Lead poisoning: A&M geochemist IDs sources harming Missouri children

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Counties across the country have health departments that measure blood lead levels in children.  Once children with high blood lead levels are identified, environmental hygienists are deployed to the child’s home to inform the family of potential sources of lead contamination and exposure in the home environment.

By teaming up with medical and other scientific experts, Texas A&M radiogenic isotope geochemist Franco Marcantonio and graduate student Felipe Becker were able to determine the potential sources of lead in the blood of several children who participated in their study based in Kansas City, Missouri. The team had as its goal the development of a new methodology that can ultimately be used by communities to protect its children from lead exposure.

“Measuring the lead isotope ratios in the blood of children with high blood lead levels, and comparing these ratios with the lead isotope ratios of potential culprits of contamination in the child’s home, can lead to significant remediation efforts,” Marcantonio explained.

A professor in the Department of Geology and Geophysics, Marcantonio has spent most of his career as a climate scientist, but through the Texas A&M Triads for Transformation (T3) program he has used his expertise in isotope geochemistry to help families in Kansas City, Missouri, identify potential sources of lead that has been poisoning their children. This research was a collaboration between Saugata Datta of the University of Texas San Antonio, and medical doctors and environmental specialists from Children’s Mercy Hospital in Kansas City, Missouri.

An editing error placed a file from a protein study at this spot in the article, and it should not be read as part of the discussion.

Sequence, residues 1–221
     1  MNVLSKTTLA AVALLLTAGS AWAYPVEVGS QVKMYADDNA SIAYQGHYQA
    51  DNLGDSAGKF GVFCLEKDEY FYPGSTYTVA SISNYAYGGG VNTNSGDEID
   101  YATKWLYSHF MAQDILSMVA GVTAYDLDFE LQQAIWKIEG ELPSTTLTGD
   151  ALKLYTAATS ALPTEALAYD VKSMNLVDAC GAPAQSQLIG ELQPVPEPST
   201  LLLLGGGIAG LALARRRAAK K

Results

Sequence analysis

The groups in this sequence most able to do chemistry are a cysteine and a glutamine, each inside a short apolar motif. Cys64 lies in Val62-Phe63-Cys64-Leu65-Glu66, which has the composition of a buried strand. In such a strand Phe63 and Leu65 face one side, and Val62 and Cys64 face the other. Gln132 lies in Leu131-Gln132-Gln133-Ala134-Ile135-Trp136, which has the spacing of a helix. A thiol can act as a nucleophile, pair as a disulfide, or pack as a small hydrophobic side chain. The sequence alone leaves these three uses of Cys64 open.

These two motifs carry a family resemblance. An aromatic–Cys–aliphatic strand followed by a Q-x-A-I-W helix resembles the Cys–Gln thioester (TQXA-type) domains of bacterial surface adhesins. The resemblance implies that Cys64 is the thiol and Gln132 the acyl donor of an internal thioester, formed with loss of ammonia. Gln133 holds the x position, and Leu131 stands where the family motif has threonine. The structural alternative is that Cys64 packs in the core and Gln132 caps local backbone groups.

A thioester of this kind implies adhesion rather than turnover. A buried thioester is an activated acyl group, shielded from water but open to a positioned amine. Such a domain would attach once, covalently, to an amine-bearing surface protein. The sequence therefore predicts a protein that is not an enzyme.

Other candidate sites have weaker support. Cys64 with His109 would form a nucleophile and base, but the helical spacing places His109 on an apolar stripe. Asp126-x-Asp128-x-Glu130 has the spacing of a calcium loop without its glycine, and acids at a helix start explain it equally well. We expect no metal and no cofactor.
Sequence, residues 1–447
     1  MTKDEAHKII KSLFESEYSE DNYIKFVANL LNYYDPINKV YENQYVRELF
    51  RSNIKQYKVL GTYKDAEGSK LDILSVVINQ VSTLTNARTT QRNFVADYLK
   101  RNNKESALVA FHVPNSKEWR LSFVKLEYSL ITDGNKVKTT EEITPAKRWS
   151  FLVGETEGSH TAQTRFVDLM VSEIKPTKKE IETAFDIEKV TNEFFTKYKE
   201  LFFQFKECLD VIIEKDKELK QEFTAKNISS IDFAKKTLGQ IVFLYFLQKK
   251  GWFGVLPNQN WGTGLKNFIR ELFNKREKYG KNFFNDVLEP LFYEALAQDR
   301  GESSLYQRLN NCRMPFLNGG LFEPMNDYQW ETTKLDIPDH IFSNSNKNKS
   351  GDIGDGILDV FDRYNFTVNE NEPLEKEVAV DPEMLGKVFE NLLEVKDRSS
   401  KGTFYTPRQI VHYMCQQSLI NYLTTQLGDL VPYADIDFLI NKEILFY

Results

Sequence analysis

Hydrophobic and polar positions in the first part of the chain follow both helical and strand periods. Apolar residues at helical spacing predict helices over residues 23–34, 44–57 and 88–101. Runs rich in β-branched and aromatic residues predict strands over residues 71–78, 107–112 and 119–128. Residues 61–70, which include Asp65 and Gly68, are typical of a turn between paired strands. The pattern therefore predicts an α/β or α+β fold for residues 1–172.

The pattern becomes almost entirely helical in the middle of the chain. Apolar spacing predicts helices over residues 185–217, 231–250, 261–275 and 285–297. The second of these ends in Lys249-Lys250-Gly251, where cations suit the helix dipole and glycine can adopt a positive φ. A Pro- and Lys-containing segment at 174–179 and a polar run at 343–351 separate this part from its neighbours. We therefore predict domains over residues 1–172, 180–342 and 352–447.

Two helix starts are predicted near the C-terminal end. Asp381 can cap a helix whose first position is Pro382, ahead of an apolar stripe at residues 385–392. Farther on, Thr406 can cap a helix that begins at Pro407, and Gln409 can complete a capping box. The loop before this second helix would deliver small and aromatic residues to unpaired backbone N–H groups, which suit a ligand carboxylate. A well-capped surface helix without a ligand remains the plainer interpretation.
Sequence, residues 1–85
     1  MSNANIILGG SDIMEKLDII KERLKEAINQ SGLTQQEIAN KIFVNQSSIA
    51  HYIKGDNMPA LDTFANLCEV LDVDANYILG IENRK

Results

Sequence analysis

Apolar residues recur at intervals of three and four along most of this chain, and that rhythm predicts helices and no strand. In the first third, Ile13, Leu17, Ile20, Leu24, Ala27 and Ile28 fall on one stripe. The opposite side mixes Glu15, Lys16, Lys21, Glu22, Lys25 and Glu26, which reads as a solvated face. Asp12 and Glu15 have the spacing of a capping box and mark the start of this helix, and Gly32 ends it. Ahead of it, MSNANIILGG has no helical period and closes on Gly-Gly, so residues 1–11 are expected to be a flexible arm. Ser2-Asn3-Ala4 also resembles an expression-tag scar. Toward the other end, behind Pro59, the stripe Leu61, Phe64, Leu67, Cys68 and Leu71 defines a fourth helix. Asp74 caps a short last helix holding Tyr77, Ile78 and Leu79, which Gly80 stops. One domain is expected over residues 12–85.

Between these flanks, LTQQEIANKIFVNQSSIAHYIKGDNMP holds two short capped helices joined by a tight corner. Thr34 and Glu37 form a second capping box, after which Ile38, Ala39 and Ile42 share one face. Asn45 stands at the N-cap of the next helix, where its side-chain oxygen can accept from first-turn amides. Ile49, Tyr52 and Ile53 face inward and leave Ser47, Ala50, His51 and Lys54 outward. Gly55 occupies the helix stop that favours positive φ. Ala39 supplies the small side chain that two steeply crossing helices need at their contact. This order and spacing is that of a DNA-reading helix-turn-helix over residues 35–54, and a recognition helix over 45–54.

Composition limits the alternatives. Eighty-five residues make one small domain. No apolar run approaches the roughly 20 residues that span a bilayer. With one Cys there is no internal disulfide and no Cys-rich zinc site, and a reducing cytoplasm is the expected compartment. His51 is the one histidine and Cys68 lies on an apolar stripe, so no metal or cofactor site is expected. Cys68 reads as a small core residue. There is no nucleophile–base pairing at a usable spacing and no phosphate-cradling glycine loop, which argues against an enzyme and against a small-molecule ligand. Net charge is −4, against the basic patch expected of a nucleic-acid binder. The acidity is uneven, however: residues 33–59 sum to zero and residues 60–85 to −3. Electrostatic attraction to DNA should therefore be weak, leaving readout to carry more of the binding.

“The health risks associated with excessive lead levels in infants and children include delays in physical and mental development, attention deficits and learning disabilities,” stated Marcantonio. “We felt it would be especially useful, for remediation purposes, if we could identify the source of the contamination using lead isotope ratio fingerprints.”

To find the source of the high blood lead levels in the children who participated in the study, Marcantonio and his collaborators sampled blood samples from the infants and toddlers, and several potential sources of lead in each of the children’s homes, including: pre-1970’s paint in many of the participant’s inner-city homes, soil directly outside the home that may have been contaminated with past automobile emissions when leaded gas was prevalent, tap water sourced from pipes containing lead soldering, and spices such as turmeric that has been found to be color-enhanced through the addition of lead chromate.

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